Ministers have been accused of presiding over “insider dealing” after documents revealed that key groups tasked with managing education reform are dominated by agencies facing the axe.

The development is fuelling fears that a sweeping overhaul of the system will be nothing more than a “cosmetic” rebranding exercise.

Under existing plans, the Scottish Qualifications Authority (SQA) and standards body Education Scotland (ES) are scheduled for replacement. An independent inspectorate is also set to be created.

The proposals were published earlier this year by Education Secretary Shirley-Anne Somerville following the completion of a report by Professor Ken Muir. Prof Muir’s analysis was aimed at addressing concern about misalignment between the curriculum’s broad general education - which is delivered from the early learning and childcare stage until S3 - and the senior phase in S4-6.

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However, there have been doubts over the reform effort and its capacity to deliver meaningful change. Union sources previously told The Herald that the SQA and ES were “having to be dragged off the stage kicking and screaming”.

Now the Scottish Government is under fresh pressure over membership of delivery boards that are responsible for overseeing the revamp.

According to lists obtained by Scottish Labour’s Michael Marra, around half of the 15 positions on the qualifications board have been taken by SQA staff. Senior ES figures enjoy a similarly dominant presence on the board that will manage moves to establish a new education agency and inspectorate.

A third board concerned with policy and legislation has no fewer than eight government civil servants out of a total membership of twelve.

HeraldScotland: Education Secretary Shirley-Anne Somerville has insisted that reform boards will contain external and independent voices.Education Secretary Shirley-Anne Somerville has insisted that reform boards will contain external and independent voices.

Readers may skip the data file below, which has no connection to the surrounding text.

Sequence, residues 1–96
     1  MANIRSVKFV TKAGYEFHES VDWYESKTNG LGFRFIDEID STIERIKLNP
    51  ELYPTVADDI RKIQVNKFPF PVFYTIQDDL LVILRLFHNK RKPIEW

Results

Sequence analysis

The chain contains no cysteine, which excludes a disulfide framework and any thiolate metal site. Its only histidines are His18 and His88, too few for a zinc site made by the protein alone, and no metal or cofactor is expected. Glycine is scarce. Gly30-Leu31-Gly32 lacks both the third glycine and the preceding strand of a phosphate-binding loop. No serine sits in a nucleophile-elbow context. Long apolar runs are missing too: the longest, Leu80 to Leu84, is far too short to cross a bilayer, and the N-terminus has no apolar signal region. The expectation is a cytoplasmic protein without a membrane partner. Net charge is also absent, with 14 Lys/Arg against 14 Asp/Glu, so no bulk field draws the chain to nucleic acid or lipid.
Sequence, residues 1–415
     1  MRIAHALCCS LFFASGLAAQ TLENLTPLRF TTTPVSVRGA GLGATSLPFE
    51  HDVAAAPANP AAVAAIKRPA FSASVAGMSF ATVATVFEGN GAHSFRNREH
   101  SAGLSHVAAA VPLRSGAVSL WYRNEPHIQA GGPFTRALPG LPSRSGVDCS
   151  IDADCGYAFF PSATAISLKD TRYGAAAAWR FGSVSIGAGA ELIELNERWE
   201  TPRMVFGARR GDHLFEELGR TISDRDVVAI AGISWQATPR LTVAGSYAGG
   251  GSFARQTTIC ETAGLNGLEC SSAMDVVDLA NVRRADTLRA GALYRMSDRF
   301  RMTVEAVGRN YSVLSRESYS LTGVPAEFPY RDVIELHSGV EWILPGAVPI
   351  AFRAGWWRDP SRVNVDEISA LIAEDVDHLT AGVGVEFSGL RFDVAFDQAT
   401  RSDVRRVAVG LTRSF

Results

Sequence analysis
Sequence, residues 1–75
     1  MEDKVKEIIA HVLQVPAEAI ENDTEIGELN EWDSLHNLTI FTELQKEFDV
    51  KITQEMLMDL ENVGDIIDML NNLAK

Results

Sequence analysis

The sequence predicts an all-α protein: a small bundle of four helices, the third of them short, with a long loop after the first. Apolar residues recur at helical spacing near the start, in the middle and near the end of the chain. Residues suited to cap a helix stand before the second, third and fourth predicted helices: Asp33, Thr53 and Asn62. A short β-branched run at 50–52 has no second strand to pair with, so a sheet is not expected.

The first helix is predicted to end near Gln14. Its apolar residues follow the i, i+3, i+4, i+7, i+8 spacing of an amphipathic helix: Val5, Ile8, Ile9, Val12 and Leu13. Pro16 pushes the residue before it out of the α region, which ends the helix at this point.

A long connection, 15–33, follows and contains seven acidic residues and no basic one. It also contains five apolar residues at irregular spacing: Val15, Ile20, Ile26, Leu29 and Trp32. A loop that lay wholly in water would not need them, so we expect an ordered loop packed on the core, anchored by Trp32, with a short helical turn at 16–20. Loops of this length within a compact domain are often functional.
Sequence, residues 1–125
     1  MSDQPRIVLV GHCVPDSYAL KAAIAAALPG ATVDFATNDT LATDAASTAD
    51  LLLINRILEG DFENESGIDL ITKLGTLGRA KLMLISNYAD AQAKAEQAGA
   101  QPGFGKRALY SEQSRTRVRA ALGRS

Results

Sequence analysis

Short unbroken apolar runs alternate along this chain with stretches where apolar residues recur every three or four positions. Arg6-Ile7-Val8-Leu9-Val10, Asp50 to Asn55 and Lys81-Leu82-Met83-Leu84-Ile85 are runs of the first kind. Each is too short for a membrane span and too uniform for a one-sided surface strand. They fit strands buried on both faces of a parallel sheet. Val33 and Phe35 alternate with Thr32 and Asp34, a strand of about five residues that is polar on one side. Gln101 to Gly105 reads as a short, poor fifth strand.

Prof Walter Humes, who was on the expert panel that advised Prof Muir during the production of his report, said: “There is undoubtedly a case for having some representation from the outgoing agencies, to ensure a smooth transition to the new bodies, but this looks like ‘insider dealing’ on a grand scale.”

He added: “Clearly, the Cabinet Secretary for Education has been outmanoeuvred by her own officials and the traditional educational establishment.

“The same people who are widely perceived as being part of the problem are, unbelievably, being charged with finding solutions.”

Mr Marra, who unveiled the membership lists during a meeting of Holyrood’s Education, Children and Young People Committee, said: “Stuffing the delivery boards that are leading reform with the people who are leading the failed organisation is totally unacceptable.

“The Scottish Government must publish the remit and review the membership of these boards immediately, otherwise this will be nothing more than the cosmetic rebrand the management are clearly working to achieve.”

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Michael Baxter, SQA director of finance and corporate services, defended the qualifications board and its composition. He told MSPs: “There are a number of non-SQA members that sit on the delivery board representing the education sector across Scotland. We have a director of education, we have sought nomination from School Leaders Scotland, and we have a further external member who has experience of awarding and regulation outwith Scotland to provide independent and external challenge.”

Ms Somerville said: “Only seven out of 15 members of the delivery board for the new qualifications body are SQA managers. The board also includes external voices to ensure critical challenge at all times. Final decisions on structure, culture and design of the new body will be made by me.

“I am determined that our three new education bodies will be underpinned by new values and governance – delivering real and substantial change to improve outcomes and build trust in Scotland’s education system.

“This renewed system will reflect the culture and values we want to see embedded throughout. It will be a system that puts learners at the centre and provides excellent support for our teachers and practitioners.”